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Heaven Earth Horizon

The installation has been inspired by the Japanese scroll painting-poetry and is in a way a visual development of this classic form. The two main parts of the composition of the image on the scroll always incorporate (and so are divided) into the upper and lower parts and named heaven and earth respectively. In fact, a visual poem consisting of the two characters signifying heaven and earth has been created by several artists throughout the history.

What is interesting is the heaven and earth as being the most primaeval concept of separation and a border. Indeed in most mythologies or religions distinguishing heaven from earth becomes the initial act of the world’s creation. In a way, this separation influenced several other of our beliefs and ideas: of this and the other world, of paradise and hell, of life and death.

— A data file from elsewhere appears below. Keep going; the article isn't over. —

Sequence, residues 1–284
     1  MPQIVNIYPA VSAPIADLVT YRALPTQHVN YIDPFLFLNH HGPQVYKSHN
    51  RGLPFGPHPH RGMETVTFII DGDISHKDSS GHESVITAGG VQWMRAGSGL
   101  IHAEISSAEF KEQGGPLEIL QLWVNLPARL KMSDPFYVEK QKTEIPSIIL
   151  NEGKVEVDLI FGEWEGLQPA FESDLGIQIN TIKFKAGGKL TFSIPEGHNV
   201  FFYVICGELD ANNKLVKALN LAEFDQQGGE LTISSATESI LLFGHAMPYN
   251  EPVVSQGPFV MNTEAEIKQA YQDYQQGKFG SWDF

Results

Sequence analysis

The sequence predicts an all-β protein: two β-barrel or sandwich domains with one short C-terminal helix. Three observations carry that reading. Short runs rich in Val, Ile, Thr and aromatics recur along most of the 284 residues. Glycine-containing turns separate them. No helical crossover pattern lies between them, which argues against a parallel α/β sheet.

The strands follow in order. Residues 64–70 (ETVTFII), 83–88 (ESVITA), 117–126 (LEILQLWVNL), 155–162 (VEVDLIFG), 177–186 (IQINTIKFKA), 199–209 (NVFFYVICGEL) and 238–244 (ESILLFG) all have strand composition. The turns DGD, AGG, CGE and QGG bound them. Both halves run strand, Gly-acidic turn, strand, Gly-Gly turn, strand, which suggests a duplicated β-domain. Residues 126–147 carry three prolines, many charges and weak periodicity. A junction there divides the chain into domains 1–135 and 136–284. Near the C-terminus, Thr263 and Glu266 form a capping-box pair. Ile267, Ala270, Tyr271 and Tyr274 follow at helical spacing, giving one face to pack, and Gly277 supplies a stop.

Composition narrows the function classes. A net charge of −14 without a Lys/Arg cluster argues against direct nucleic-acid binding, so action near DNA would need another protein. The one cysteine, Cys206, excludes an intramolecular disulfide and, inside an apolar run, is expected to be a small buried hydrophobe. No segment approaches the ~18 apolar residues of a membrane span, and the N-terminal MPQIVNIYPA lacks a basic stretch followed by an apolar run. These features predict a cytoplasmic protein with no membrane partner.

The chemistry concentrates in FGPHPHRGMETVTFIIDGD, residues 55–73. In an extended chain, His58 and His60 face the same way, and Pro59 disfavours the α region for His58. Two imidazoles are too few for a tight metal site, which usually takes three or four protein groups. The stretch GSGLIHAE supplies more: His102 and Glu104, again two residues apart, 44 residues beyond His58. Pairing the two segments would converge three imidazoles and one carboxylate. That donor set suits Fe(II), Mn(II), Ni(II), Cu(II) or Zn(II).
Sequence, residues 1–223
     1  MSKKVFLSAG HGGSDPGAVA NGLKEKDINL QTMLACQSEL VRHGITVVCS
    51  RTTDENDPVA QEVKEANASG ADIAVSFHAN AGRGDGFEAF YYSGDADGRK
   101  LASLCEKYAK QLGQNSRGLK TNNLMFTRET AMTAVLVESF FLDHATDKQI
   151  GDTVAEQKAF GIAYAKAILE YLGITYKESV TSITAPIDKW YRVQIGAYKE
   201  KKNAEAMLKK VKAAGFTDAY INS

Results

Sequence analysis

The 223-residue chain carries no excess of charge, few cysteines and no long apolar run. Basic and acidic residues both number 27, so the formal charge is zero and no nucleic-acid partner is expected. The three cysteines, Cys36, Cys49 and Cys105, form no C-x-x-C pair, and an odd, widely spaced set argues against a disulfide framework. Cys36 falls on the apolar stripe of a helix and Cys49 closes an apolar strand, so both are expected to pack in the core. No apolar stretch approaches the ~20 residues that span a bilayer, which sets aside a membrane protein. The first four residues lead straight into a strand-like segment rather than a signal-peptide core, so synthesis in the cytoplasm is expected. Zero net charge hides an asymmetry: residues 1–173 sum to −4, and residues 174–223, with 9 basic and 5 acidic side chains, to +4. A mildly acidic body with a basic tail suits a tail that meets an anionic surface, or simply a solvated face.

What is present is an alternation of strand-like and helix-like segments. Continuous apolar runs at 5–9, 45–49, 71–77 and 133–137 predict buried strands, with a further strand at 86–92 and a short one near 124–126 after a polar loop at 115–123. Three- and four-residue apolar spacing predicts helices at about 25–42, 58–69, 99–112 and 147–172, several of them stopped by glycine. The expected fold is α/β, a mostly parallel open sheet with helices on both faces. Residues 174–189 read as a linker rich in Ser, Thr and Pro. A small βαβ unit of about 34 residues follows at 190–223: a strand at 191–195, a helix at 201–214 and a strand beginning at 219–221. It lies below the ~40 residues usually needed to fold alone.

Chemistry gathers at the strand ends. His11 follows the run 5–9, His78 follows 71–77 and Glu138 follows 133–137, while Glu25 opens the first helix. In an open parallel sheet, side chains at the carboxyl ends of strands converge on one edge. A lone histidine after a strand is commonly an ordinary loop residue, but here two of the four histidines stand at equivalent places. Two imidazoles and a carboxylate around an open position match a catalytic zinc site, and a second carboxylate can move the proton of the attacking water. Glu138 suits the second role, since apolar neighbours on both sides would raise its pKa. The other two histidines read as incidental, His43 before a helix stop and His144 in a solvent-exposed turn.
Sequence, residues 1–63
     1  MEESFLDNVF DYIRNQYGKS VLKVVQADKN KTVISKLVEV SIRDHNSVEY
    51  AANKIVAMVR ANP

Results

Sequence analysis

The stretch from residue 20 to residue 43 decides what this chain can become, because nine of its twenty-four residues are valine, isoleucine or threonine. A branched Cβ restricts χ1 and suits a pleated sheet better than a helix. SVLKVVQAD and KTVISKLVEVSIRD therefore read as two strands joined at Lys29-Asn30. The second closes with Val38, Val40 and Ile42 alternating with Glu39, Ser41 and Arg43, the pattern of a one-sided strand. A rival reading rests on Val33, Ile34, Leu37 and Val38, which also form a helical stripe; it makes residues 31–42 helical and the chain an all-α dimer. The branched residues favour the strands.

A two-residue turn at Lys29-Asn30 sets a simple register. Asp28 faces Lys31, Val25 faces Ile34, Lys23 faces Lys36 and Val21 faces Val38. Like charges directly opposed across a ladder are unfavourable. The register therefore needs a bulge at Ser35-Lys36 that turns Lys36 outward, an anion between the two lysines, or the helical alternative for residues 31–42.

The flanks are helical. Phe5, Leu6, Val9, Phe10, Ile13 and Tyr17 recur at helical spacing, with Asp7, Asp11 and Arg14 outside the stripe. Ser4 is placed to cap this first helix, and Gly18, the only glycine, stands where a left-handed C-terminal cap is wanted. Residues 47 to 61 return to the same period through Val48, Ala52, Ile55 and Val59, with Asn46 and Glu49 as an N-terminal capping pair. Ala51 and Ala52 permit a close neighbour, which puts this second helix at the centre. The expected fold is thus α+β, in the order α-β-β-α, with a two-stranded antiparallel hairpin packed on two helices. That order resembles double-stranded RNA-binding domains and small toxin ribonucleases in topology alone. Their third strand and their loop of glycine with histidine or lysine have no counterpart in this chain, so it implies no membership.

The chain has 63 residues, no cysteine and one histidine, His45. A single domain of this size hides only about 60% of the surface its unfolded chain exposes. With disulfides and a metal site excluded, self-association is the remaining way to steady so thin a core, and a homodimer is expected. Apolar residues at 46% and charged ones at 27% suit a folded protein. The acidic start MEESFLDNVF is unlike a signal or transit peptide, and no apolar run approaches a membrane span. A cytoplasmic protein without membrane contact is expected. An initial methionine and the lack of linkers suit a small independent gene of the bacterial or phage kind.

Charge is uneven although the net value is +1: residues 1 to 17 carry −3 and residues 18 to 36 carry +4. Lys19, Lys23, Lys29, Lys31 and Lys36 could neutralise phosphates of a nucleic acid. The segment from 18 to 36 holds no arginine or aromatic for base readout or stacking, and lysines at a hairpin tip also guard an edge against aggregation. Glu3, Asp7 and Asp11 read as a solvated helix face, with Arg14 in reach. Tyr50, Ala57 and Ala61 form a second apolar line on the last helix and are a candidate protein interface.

The installation utilises elements representing both the sky (individual slides depicting empty sky) and earth (the stone). However here lays a certain contradiction: what represents the earthly realm and thus what is temporary, within the installation is constant and permanent (the stone). And what normally is considered divine and everlasting in the installation not only varies depending on the different time it was produced (the photographs of the sky taken at a different time are essentially of a different blue) but also (the slide) physically ages and fades away so that what remains is light itself.

The slides are in a way an element taken from another work – In memory. These colours of nature do not represent but re-present through the means of our imagination. What is imagined is, in fact, more real and true than what is seen. The horizon which we see, is in fact not there (as it is not within the installation, it remains in the title as a suggestion), as much as the sky we see is in fact just an empty space.

– 2015

installation

stone, photographic slides